Yesterday's train crash is a national tragedy: one of those moments when intercommunity squabbles should graciously give way to the expression of shared sorrow. The Dutroux affair, the death of King Baudouin, the murder of Joe Van Holsbeeck, the catastrophic explosions in Liège or Ghislenghien — all of these tragic events prompted a fleeting consciousness of collective destiny; and Monday's tragedy in Hal, which elicited messages of sympathy from across the political divide, should have been no different. Politicians were quick to respond to the scale of the disaster. Prime Minister Yves Leterme cancelled his official visit to the Balkans. King Albert II cut short his Carnival holiday in the south of France. The federal government immediately sent three ministers. And communiqués of condolence were issued by all of the political parties. However, it did not take much to spoil this expression of consensus.
Shortly after the accident, the Minister-President of Flanders Kris Peeters, who was on an economic mission to California, issued a press release in which he congratulated emergency services for their rapid response, and — in a remarkable display of sensitivity — added that the accident was "yet another tragedy for Flanders." On a visit to the scene of the accident, the French speaking Minister-President Walloon, Rudy Demotte, announced that when his Flemish counterpart had spoken to him on the phone "a few minutes earlier," he had once again described it as "a tragedy for Flanders." Demotte needed no encouragement to take up the gauntlet. "I immediately told him it was a tragedy for Wallonia too. In fact, everyone in Belgium has been affected. The travelers on those trains came from all over the country. And it is by no means certain that there were fewer people on the train because it is the first day of Carnival. A lot of people choose to travel on the first day of the holiday... ."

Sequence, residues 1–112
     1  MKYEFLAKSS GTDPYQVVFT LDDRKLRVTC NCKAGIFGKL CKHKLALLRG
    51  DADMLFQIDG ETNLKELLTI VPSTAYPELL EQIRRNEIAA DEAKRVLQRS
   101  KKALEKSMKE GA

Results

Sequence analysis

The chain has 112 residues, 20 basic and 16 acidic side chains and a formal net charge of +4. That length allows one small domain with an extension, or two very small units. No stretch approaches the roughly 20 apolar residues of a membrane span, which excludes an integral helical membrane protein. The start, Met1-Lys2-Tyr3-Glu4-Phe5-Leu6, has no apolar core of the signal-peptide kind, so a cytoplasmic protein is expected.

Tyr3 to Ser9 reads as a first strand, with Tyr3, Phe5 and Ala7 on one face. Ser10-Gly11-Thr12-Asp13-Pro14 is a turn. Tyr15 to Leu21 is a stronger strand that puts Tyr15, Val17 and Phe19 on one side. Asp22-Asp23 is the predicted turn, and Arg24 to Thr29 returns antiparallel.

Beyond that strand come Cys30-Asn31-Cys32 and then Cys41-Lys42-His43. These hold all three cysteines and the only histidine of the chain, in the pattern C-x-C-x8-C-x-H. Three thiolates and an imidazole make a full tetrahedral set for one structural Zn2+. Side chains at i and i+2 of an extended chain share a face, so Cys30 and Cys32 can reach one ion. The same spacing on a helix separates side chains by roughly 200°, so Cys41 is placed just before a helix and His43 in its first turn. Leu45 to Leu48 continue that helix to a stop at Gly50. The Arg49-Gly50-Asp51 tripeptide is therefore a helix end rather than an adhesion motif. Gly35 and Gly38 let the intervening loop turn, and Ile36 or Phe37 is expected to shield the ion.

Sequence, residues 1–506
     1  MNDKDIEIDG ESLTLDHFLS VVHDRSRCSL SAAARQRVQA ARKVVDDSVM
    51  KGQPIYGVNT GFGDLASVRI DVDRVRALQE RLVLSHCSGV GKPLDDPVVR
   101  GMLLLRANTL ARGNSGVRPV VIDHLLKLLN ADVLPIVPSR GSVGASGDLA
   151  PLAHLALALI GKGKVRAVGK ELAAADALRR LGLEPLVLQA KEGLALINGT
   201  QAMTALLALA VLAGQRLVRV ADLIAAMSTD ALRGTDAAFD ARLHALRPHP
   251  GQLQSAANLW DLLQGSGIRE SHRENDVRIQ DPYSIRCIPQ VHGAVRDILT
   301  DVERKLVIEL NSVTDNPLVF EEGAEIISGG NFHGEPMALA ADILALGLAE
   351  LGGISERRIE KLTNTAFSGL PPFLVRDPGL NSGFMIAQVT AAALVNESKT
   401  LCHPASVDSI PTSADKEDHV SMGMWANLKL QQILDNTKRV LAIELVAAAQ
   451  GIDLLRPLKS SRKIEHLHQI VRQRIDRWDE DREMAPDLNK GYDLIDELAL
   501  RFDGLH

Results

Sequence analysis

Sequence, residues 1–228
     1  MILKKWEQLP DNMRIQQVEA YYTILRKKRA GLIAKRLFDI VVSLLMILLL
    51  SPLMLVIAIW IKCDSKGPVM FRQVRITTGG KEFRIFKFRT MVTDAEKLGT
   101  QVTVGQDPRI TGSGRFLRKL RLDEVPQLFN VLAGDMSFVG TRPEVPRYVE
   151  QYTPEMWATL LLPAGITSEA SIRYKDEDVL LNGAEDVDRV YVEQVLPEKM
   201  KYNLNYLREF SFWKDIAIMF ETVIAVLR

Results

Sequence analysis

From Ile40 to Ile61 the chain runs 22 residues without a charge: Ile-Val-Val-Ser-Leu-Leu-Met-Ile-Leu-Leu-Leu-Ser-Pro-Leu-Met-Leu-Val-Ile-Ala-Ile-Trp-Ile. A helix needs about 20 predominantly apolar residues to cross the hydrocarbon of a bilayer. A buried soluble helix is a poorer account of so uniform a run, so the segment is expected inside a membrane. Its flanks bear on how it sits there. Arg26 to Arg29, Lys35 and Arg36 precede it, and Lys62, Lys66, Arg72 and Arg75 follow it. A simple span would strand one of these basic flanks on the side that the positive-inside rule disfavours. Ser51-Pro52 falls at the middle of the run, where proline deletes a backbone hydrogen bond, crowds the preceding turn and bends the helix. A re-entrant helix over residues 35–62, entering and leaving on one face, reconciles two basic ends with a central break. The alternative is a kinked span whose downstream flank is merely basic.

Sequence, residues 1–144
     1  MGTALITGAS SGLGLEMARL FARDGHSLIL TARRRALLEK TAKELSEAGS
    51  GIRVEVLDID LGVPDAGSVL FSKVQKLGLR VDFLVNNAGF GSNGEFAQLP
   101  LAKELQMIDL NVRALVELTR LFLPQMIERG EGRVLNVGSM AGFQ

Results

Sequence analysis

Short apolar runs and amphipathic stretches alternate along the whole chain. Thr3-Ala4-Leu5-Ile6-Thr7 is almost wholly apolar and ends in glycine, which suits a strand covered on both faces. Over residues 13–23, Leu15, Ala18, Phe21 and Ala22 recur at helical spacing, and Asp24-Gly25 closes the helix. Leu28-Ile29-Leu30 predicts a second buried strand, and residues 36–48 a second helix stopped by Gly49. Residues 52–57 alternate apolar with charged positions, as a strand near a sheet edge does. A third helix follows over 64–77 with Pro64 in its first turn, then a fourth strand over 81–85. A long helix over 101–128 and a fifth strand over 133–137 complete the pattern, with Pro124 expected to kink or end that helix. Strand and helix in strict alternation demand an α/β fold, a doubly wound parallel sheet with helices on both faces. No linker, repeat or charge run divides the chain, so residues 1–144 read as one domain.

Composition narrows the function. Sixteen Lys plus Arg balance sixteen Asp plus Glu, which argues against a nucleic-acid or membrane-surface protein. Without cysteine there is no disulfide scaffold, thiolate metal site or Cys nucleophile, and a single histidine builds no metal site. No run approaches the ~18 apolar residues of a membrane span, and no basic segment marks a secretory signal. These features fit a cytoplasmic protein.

Having explained that emergency services are coordinated by the federal government, and that — depending on their status as Francophone or Dutch speaking — the injured would be sent to different hospitals in the region, the French speaking Premier felt obliged to add: "This is highly symbolic! One train was traveling from Flanders, the other from Wallonia, and they collided head on. This tragedy has affected everyone." On Internet social networks and forums, Kris Peeters inept commentary prompted a number of acerbic responses i.e. "This gentleman has got it into his head that Belgium no longer exists." In general, Francophone political leaders steered clear of sterile controversy in statements that spoke of a tragedy for Belgium. "A harrowing day for Belgium, announced the CDH (the Walloon Christian democrat party). "A tragedy for the entire country," exclaimed the representative of Ecolo [the Walloon Green party]. As for Kris Peeters, he finally opted to continue his economic mission to California, having concluded that the situation was under control.
Should an accident involving members of both communities be cited as a "symbol" of Belgium? The fact that the trains began their journeys in Wallonia and Flanders, and the mixed background of their passengers, might suggest as much. And then there is the actual site of the accident, which was close to the linguistic border. The emergency plan to rescue and hospitalize the injured involved teams from three regions (Flanders, the Walloon Region, and Bruxelles-Capitale). Some commentators even speculated that the drama may have been prompted by a "linguistic" error — like the tragedy in Pécrol, when a French speaking signal operator failed to communicate effectively with his Flemish speaking colleague. However, in conclusion we can say with certainty that it was and remains a Belgian tragedy, even though Kris Peeters' response shows that virtually any event can be appropriated by communitarian politics.
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